|Publication number||US4094566 A|
|Application number||US 05/770,127|
|Publication date||Jun 13, 1978|
|Filing date||Feb 18, 1977|
|Priority date||Feb 18, 1977|
|Also published as||CA1080314A, CA1080314A1, DE2806867A1|
|Publication number||05770127, 770127, US 4094566 A, US 4094566A, US-A-4094566, US4094566 A, US4094566A|
|Inventors||Frank Peter Dola, Frederick William Rossler, Jr.|
|Original Assignee||Amp Incorporated|
|Export Citation||BiBTeX, EndNote, RefMan|
|Patent Citations (2), Referenced by (28), Classifications (10)|
|External Links: USPTO, USPTO Assignment, Espacenet|
This invention relates to multi-contact electrical connectors of the type which are intended for installation on a flat conductor cable and which serve to connect the conductors of the cable to terminal posts of other complementary terminal devices. The embodiment of the invention disclosed herein is particularly intended for connecting the conductors of a flat cable to terminal posts on a panel board of the type used in the telephone industry and the description of the invention set forth below makes specific reference to panel boards of this type. However, it will be apparent that the principles of the invention can be used under a wide variety of circumstances and for many other applications.
It is common practice in the telephone industry to form interconnections among large numbers of conductors by means of panel boards having terminal posts extending therefrom on a grid pattern. Connections between individual posts on the panel board are made by discrete wires which have their ends connected to preselected posts. It is also necessary to connect the conductors in individual cables which extend from some remote location to the terminal posts on the panel board. It is now accepted practice to use electrical connectors for these cable-to-post connections and the connectors are designed such that the connectors can be mated with the upper free end portions of the posts and above the discrete wire connections which are provided on the lower portions of the posts adjacent to the surface of the panel board. The posts are relatively small, for example, square posts having a width of 0.025 inch are commonly used with the spacing between adjacent posts being 0.125 inch.
The cables are also quite small and have the wires on closely spaced centers of about 0.03 inch with each cable having twenty-four or more conductors therein. It will be realized that the dimensions of the cable and the spacing of the posts precludes the use of most conventional types of multi-contact electrical connectors. One specialized connector which is presently used for these cable-to-post connections comprises a housing having a small printed circuit board, usually referred to as a paddleboard, integral therewith. The conductors on the printed circuit board extend to the terminals in the connector and the conductors in the cable are connected to the conductors on the paddleboard by soldering. This system achieves the dimensional and performance requirements of cable-to-terminal post connections but it is relatively expensive and the installation of a paddleboard connector on the end of a cable is a time-consuming and tedious procedure. Furthermore, different types of cables (as regards total number of conductors and the number of signal and ground conductors in the cable) are used and many different wiring patterns of the conductors of the cable and the terminal posts are required. Paddleboard connectors can be designed to accommodate these various requirements but again, the installation costs are relatively high and the system is not amenable to the high production rates which would be desirable.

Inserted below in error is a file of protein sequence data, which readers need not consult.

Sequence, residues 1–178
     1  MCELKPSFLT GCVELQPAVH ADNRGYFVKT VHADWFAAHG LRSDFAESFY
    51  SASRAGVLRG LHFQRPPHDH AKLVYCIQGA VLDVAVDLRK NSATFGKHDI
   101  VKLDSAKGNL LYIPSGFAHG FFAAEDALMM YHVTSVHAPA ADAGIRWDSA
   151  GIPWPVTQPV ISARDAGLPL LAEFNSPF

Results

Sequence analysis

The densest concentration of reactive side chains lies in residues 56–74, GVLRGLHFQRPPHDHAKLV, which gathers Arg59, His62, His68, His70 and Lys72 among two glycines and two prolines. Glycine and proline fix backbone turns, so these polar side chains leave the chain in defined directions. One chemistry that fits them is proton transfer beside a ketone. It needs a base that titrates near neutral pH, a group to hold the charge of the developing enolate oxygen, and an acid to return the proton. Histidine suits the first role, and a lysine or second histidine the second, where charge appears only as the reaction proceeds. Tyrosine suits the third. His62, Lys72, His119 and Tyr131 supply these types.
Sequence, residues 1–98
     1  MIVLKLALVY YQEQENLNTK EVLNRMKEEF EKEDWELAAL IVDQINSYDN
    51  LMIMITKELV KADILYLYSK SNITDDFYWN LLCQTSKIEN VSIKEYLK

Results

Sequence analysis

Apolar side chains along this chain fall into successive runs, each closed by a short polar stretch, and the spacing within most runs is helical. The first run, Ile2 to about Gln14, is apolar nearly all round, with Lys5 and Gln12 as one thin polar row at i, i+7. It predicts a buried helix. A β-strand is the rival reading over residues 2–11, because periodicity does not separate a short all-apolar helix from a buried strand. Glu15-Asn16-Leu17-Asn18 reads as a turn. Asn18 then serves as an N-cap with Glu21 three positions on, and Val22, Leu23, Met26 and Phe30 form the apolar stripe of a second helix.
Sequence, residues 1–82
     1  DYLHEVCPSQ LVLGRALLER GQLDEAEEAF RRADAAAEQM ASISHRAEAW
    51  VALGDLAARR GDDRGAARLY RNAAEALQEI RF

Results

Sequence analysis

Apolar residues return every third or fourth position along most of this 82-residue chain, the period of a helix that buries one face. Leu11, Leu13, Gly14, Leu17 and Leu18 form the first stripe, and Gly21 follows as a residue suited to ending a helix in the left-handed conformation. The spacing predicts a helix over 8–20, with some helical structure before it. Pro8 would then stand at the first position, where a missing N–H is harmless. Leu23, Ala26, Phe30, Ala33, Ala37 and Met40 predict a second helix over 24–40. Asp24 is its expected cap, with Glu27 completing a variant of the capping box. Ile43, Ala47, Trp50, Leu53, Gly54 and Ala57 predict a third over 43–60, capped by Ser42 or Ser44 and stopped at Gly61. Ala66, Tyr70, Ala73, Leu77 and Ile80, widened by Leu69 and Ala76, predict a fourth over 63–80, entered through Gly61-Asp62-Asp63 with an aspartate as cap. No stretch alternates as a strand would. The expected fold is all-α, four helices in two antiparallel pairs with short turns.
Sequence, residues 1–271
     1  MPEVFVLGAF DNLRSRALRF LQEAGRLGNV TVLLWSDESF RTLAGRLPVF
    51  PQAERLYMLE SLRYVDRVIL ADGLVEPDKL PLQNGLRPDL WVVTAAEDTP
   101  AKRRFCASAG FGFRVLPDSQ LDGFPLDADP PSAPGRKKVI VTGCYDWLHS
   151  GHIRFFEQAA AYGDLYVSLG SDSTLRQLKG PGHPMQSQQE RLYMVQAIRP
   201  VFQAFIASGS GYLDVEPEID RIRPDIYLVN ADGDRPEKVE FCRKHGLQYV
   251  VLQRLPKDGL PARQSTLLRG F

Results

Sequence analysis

In accordance with the principles of the instant invention, a connector housing is provided which has one or two rows of electrical contact terminals therein and each terminal has a wire-receiving portion which receives, and establishes electrical contact with, a wire upon movement of the wire laterally of its axis and into the wire-receiving portion. A commoning strap or commoning band is also provided on the housing which also has wire-receiving members thereon, the arrangement being such that selected wires can be connected to the commoning band only, to one of the terminals only, and to both the commoning band and to one of the terminals. A wide variety of options are available as regards the number of signal conductors which are connected to the contact terminals, the number of ground conductors which are connected to the commoning strap or band, and the number of ground conductors which are connected to both the commoning band and one of the terminals.
The connector assembly comprises further a housing cover means which is dimensioned to be assembled to the housing and adjacent to the contact terminals and the commoning band. This cover means has wire-receiving channels thereon so that the wires in a cable can be positioned in the wire-receiving channels prior to assembly of the cover member to the housing. When the cover means is assembled to the housing, the wires, both signal conductors and ground conductors, are inserted into the wire-receiving portions of the terminals and into the wire-receiving members on the commoning band in accordance with a predetermined wiring scheme. The procedure for locating the wires in the cover members may be carried out manually or may be carried out by automatic or semi-automatic assembly machinery.